Thursday, October 29, 2009

Authentic Southwestern Native American Pottery

Southwestern style decor is heavily influenced by the art and culture of Mexico and local Native American tribes. The indigenous Native Americans of the Southwestern United States and Mexico have become skillful masters in the art of creating and designing pottery. Authentic Native American pottery is considered some of the finest ceramic art and is sought after by collectors worldwide.

Part of what makes Native American pottery so unique is that it is always hand made, mostly by women. Instead of using a potter's wheel, Native American potters use a technique known as the hand coiled method. This involves adding material to the slab of clay that starts as the base of the pot. The clay is welded row by row, using the thumb on the inner surface moving downward, while the fingers work the outer surface moving upward. Instead of starting at the sides of the pot, coiling begins on the upper surface of the base. This gives the pot more strength and sturdiness.

One of the most visually striking types of pottery is known as horsehair pottery. No one knows for sure how this technique came about, but it is rumored to have started accidentally when a potter's long hair blew against a piece of pottery she was removing from the hot kiln, creating a shadowy streak that zig zags around the surface of the pot. Horsehair pottery is made using hair taken from the mane or tail of a horse that is added to the surface of this pottery while it is red hot in the kiln. Horsehair pottery all has a similar look, however, each piece comes out different according to the way the hair flows on the surface.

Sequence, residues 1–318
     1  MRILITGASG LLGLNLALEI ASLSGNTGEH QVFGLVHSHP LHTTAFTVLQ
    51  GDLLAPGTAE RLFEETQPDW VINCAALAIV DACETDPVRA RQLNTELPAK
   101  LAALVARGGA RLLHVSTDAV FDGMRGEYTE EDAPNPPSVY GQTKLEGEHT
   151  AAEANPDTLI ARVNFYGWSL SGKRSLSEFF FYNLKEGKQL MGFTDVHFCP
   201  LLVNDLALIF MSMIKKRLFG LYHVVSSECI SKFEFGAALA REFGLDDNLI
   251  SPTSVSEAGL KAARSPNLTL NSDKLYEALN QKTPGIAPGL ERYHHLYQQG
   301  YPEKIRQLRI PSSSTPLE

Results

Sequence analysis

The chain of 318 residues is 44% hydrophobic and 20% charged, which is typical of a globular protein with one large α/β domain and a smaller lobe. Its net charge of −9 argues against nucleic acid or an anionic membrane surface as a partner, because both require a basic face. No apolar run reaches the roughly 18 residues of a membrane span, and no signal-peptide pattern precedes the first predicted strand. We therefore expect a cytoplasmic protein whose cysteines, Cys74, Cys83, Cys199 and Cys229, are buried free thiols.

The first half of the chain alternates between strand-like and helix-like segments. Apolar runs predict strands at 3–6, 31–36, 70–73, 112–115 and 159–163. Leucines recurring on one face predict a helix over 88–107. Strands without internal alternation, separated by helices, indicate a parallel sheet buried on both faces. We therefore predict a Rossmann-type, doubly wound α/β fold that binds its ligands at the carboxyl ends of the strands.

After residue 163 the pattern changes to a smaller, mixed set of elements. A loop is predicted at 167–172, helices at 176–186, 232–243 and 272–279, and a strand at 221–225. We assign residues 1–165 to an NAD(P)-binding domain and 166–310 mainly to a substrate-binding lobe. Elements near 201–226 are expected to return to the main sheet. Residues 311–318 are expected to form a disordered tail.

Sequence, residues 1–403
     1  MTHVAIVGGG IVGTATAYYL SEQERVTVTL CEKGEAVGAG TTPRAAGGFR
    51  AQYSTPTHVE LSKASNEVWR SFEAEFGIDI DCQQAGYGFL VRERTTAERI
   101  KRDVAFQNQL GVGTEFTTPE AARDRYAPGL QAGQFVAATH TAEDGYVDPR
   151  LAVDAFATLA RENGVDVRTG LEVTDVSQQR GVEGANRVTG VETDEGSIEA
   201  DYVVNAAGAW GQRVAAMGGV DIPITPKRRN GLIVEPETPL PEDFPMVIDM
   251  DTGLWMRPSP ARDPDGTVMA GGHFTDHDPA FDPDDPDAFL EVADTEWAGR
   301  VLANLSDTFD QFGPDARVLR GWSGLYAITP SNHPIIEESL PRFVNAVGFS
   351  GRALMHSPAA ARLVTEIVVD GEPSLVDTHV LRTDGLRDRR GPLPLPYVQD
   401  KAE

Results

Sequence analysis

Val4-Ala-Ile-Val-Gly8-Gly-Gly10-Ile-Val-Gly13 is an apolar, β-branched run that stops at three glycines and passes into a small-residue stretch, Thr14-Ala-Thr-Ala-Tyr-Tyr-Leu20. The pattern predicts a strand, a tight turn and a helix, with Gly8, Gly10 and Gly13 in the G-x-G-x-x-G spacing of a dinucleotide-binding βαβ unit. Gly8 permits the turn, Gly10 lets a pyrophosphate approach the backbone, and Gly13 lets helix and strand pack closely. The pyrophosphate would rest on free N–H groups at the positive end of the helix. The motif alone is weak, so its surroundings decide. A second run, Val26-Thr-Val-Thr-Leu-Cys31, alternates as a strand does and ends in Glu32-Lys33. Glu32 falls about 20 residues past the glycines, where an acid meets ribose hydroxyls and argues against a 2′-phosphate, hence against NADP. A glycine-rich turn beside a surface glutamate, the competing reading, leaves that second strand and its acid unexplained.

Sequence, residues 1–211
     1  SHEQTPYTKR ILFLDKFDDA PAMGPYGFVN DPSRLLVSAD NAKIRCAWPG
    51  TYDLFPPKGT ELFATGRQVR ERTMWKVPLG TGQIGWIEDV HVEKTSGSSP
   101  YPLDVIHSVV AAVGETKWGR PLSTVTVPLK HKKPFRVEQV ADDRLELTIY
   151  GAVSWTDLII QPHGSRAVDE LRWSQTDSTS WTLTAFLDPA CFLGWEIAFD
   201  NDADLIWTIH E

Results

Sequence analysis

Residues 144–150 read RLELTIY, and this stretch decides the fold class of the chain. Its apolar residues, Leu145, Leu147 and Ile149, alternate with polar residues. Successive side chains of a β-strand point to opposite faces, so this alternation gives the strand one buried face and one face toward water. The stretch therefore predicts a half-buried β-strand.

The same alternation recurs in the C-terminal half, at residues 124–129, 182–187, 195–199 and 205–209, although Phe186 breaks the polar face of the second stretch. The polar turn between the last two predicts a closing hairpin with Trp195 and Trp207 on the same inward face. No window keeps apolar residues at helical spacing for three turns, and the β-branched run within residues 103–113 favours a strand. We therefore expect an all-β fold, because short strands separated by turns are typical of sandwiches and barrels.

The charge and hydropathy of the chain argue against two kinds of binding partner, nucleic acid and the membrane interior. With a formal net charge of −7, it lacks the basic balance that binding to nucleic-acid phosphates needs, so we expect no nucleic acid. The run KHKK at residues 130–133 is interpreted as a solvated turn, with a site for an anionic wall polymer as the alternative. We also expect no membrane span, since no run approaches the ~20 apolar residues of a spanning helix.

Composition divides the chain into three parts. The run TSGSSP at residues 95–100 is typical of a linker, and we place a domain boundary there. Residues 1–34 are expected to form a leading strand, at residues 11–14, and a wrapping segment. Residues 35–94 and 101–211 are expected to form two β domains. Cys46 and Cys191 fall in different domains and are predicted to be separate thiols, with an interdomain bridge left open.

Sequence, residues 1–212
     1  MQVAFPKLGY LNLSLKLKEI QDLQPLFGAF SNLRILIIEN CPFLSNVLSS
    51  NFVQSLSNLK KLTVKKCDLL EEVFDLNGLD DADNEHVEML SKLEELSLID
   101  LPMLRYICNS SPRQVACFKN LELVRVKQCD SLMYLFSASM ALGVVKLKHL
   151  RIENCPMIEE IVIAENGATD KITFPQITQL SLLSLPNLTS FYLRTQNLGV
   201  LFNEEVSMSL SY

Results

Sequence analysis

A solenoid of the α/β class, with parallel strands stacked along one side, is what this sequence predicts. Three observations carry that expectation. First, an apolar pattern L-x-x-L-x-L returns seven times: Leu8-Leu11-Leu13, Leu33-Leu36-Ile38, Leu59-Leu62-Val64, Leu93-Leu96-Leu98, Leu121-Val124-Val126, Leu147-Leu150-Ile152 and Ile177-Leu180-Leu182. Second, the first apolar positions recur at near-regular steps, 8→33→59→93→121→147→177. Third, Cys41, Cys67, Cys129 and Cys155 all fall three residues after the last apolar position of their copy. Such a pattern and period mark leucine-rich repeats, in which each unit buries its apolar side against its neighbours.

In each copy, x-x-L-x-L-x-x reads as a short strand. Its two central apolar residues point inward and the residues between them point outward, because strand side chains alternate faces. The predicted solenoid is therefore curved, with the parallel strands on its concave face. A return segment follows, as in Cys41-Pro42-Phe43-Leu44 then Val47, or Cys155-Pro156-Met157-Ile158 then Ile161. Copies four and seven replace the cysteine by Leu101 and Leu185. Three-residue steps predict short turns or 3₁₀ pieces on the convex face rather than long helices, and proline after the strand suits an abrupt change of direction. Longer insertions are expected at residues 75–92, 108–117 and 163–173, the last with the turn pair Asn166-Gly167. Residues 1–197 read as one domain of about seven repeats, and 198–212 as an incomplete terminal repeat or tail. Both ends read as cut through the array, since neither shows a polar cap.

Another popular type of Native American pottery commonly found in homes that embrace the Southwestern style is wedding vase pottery. This style of pottery played an important role in marriage ceremonies for Pueblo Indian tribes. A couple of weeks before the wedding, the groom's parents were responsible for providing a wedding vase for the ceremony. The two spouts on the top of the vase represented the two separate lives that are joined together as one by the bridge of the vase. On the wedding day, the vase was filled with Indian holy water which the bride and groom would drink from each spout. The symbolism of the wedding vase was similar to exchanging wedding bands and the married couple would cherish their wedding vase for the rest of their lives.

For more information on the different types of Native American pottery you can buy online in my store, HomeTreasureCove, see my article on Buzzle, Native American Pottery. When you purchase authentic Native American pottery, you're helping support the culture and traditions of these local Southwestern native artisans.


Debbie said...

My BIL makes horsehair pottery. Sadly, he doesn't part with any of it!

Jenn from The Crystal Company said...

The horse hair pottery is so unique. I love how each piece has the possibility to come out different.